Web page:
• San Antonio Latina sisters start a neighborhood fitness program: Makayla, 9, and Alyssa Esparza, 8, saw a weight-loss contest on TV and decided to get active and help others do the same. But they didn’t know of any after-school programs to join, and they didn’t have anyone to be active with. This led to their big idea: Make a Craigslist ad and invite local kids for a 90-day get fit challenge.
• Houston doctor helps open a farmer’s market at her clinic’s front doorM: In a mostly Latino neighborhood in Houston that lacked access to fresh fruits and vegetables, a doctor worked with community members to bring healthy, affordable foods to clinic patients: a farmers’ market right at the door of the doctor’s office lobby.
• California high school uses “aquaponics” to grow fresh veggies for the community: In Santa Ana, Calif., a high school that serves at-risk youth offers a first-period gardening class that started as a campus beautification project but ended in students growing healthy food for their community in a sustainable way using “aquaponics.”
Step 3: Be a Salud Hero
Upload stories, photos and more about a new, in-progress, or successful change to your community, and Salud America! may write up your story, possibly film it, and share it with our national audience.
“This is really a one-stop shop to catalyze efforts, from the grassroots level up to the federal level, to reduce and prevent Latino childhood obesity,” Dr. Ramirez said.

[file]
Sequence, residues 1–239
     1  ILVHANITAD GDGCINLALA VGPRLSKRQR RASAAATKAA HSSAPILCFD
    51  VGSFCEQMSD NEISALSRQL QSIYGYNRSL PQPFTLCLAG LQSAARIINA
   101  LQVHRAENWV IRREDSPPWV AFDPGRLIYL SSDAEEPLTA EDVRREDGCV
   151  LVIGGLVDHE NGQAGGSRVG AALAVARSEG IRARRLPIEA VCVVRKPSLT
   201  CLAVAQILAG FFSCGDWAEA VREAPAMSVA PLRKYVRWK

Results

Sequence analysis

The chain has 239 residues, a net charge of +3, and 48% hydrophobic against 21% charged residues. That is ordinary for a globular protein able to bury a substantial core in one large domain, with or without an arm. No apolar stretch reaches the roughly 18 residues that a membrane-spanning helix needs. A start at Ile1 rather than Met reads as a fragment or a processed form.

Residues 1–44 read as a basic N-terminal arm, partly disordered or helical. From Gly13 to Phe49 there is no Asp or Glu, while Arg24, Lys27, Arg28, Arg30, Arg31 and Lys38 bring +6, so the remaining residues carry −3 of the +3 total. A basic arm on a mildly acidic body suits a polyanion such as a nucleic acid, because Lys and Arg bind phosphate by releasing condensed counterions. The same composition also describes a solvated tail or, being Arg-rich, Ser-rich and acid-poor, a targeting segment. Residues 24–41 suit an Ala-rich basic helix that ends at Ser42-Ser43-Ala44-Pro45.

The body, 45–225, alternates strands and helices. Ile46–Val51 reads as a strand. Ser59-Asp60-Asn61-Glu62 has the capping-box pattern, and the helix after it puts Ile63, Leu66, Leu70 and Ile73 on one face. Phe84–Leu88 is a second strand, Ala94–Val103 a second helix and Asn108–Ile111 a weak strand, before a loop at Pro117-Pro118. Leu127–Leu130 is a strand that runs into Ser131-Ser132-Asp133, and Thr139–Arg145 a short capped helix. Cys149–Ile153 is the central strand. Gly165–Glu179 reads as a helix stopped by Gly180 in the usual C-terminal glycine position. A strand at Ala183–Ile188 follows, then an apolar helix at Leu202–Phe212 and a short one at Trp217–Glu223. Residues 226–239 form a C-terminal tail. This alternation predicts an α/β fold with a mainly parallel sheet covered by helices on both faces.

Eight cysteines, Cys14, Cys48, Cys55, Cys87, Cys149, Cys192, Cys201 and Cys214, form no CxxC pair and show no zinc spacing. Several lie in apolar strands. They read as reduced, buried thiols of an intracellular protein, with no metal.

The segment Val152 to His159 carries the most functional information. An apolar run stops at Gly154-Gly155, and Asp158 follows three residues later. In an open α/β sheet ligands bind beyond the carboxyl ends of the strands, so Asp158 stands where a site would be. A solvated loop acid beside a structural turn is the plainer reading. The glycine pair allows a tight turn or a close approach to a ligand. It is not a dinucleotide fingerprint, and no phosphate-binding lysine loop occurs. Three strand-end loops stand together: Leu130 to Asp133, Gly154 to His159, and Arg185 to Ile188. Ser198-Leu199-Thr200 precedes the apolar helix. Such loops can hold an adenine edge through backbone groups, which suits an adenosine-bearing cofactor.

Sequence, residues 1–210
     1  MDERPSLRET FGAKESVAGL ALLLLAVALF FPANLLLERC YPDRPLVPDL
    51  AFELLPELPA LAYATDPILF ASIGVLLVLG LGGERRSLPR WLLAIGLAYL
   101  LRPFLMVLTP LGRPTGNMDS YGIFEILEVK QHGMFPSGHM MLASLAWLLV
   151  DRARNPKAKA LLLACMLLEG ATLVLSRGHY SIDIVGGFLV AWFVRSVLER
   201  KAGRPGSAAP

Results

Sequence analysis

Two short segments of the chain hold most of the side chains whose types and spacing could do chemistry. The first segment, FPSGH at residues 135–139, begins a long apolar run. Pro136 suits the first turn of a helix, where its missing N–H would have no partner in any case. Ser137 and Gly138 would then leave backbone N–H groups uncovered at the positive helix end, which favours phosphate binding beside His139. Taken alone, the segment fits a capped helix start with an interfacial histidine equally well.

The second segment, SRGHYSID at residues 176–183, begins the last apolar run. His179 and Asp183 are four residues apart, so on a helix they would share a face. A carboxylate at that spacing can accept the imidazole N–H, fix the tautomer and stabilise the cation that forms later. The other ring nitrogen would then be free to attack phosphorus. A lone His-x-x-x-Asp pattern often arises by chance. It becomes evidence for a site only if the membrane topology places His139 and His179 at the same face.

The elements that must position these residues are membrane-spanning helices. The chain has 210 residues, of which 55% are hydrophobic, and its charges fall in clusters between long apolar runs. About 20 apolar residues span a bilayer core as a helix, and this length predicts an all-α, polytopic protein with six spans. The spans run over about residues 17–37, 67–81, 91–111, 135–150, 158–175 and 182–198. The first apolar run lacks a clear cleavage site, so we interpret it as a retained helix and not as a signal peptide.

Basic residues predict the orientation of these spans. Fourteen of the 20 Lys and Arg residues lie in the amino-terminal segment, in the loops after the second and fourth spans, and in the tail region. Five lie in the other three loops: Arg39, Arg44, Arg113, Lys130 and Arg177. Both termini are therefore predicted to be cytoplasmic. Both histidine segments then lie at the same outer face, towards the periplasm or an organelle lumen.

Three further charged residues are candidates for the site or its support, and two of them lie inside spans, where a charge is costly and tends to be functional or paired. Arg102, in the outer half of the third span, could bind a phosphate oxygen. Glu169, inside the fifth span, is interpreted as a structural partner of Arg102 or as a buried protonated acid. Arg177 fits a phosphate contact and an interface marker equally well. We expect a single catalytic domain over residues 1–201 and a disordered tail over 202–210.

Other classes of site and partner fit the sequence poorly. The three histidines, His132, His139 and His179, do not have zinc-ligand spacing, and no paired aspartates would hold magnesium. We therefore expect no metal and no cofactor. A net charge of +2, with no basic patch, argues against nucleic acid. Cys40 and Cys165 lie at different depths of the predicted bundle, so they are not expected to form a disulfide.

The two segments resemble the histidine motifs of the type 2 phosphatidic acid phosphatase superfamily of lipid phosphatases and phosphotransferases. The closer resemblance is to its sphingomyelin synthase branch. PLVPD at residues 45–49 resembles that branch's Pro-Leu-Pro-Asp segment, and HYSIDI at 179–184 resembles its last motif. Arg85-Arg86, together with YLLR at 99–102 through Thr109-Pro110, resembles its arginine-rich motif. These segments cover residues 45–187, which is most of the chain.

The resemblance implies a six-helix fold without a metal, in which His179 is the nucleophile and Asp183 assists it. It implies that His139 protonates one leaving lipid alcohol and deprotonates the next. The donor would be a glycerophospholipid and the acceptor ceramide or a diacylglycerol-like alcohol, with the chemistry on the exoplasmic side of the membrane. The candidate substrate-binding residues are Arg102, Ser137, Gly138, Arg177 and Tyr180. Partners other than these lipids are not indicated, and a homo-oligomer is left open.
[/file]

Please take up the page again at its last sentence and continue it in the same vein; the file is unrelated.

The website was conceptualized by Salud America! and funded by the Robert Wood Johnson Foundation. The site was developed in collaboration by Salud America! and the team behind Community Commons, a free data-sharing initiative for healthy communities powered by the Institute for People, Place and Possibilities (a partnership including the University of Missouri’s Center for Applied Research and Environmental Systems [CARES]).
The University of Texas Health Science Center at San Antonio, one of the country’s leading health sciences universities, ranks in the top 3 percent of all institutions worldwide receiving National Institutes of Health funding. The university’s schools of medicine, nursing, dentistry, health professions and graduate biomedical sciences have produced approximately 29,000 graduates. The $736 million operating budget supports eight campuses in San Antonio, Laredo, Harlingen and Edinburg. For more information on the many ways “We make lives better®,” visit www.uthscsa.edu.
Salud America! is a national program of the Robert Wood Johnson Foundation (RWJF). The program aims to unite and increase the number of Latino researchers and stakeholders engaged in research and community change to reduce and prevent Latino childhood obesity. The network is directed by the Institute for Health Promotion Research at The UT Health Science Center at San Antonio. Visit Salud America! online at www.salud-america.org.
The Institute for Health Promotion Research (IHPR) at The UT Health Science Center at San Antonio investigates the causes and solutions to the unequal impact of cancer and chronic disease among certain populations, including Latinos, in South Texas and the nation. The IHPR was founded in 2006. Visit the IHPR online at http://ihpr.uthscsa.edu.